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What could be the year’s first Atlantic tropical storm is already taking aim at Florida

May 31, 2022, 3:03 PM UTC
Hurricane Agatha makes landfall in Huatulco, Oaxaca State, Mexico
Palm trees blow in the wind before Hurricane Agatha makes landfall in Huatulco, Mexico, on May 30.

The remnants of Hurricane Agatha, a Pacific hurricane that slammed into Mexico on Monday, are increasingly looking like they’ll re-form as a tropical storm in the Atlantic, and appear to be targeting Florida right as hurricane season gets underway.

The National Hurricane Center says there is a 60% chance the storm will re-form in the Atlantic over the next five days. While early-season hurricanes are generally nowhere near as strong as those later in the season, this one has shown impressive strength so far.

The storm, which made landfall near Puerto Angel, Mexico, Monday afternoon, brought 105-mph winds with it.

If it re-forms in the Atlantic, the storm will be given a new name, since Pacific and Atlantic storms do not share the same names. The year’s first Atlantic tropical storm will be called Alex.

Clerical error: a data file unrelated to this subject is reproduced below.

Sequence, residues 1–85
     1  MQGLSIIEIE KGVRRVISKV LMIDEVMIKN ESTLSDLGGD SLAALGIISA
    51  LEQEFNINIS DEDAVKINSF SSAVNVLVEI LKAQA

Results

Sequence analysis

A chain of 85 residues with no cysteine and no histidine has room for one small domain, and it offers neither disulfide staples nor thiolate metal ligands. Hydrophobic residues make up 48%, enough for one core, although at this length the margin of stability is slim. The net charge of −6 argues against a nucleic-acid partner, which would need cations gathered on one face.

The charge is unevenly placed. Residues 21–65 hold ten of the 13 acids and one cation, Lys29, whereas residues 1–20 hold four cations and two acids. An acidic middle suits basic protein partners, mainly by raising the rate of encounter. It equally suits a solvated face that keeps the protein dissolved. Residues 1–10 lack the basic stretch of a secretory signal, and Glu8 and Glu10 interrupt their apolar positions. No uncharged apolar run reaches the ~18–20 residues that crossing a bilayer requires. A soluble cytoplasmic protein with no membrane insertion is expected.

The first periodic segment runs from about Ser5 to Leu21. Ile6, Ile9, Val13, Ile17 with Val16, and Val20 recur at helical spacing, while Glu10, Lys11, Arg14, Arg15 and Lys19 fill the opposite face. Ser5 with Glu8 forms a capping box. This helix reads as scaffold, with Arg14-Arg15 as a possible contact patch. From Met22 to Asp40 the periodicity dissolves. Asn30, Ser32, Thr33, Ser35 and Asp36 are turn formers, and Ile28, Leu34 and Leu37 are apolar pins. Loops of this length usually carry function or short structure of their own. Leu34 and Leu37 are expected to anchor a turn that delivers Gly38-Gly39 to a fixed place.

Forecasters say the storm will likely hit toward the end of the week, bringing heavy rains to the state. They’re not, however, expecting this to become a major storm, as upper-level winds over the Gulf of Mexico are expected to limit its intensity.

The last time a Pacific named storm also became an Atlantic named storm was in 2020, when Tropical Storm Amanda moved through Guatemala and re-formed in the Gulf to become Tropical Storm Cristobal, which worked its way up to Louisiana.

Forecasters are predicting a more active than usual hurricane season this year, just as they did in 2020 and 2021. An ongoing La Niña and above-average Atlantic temperatures are cited as the reasons. All totaled, experts say they expect 14 to 21 named storms (winds of 39 mph or higher), of which six to 10 could become hurricanes (winds of 74 mph or higher) and three to six will be major hurricanes.

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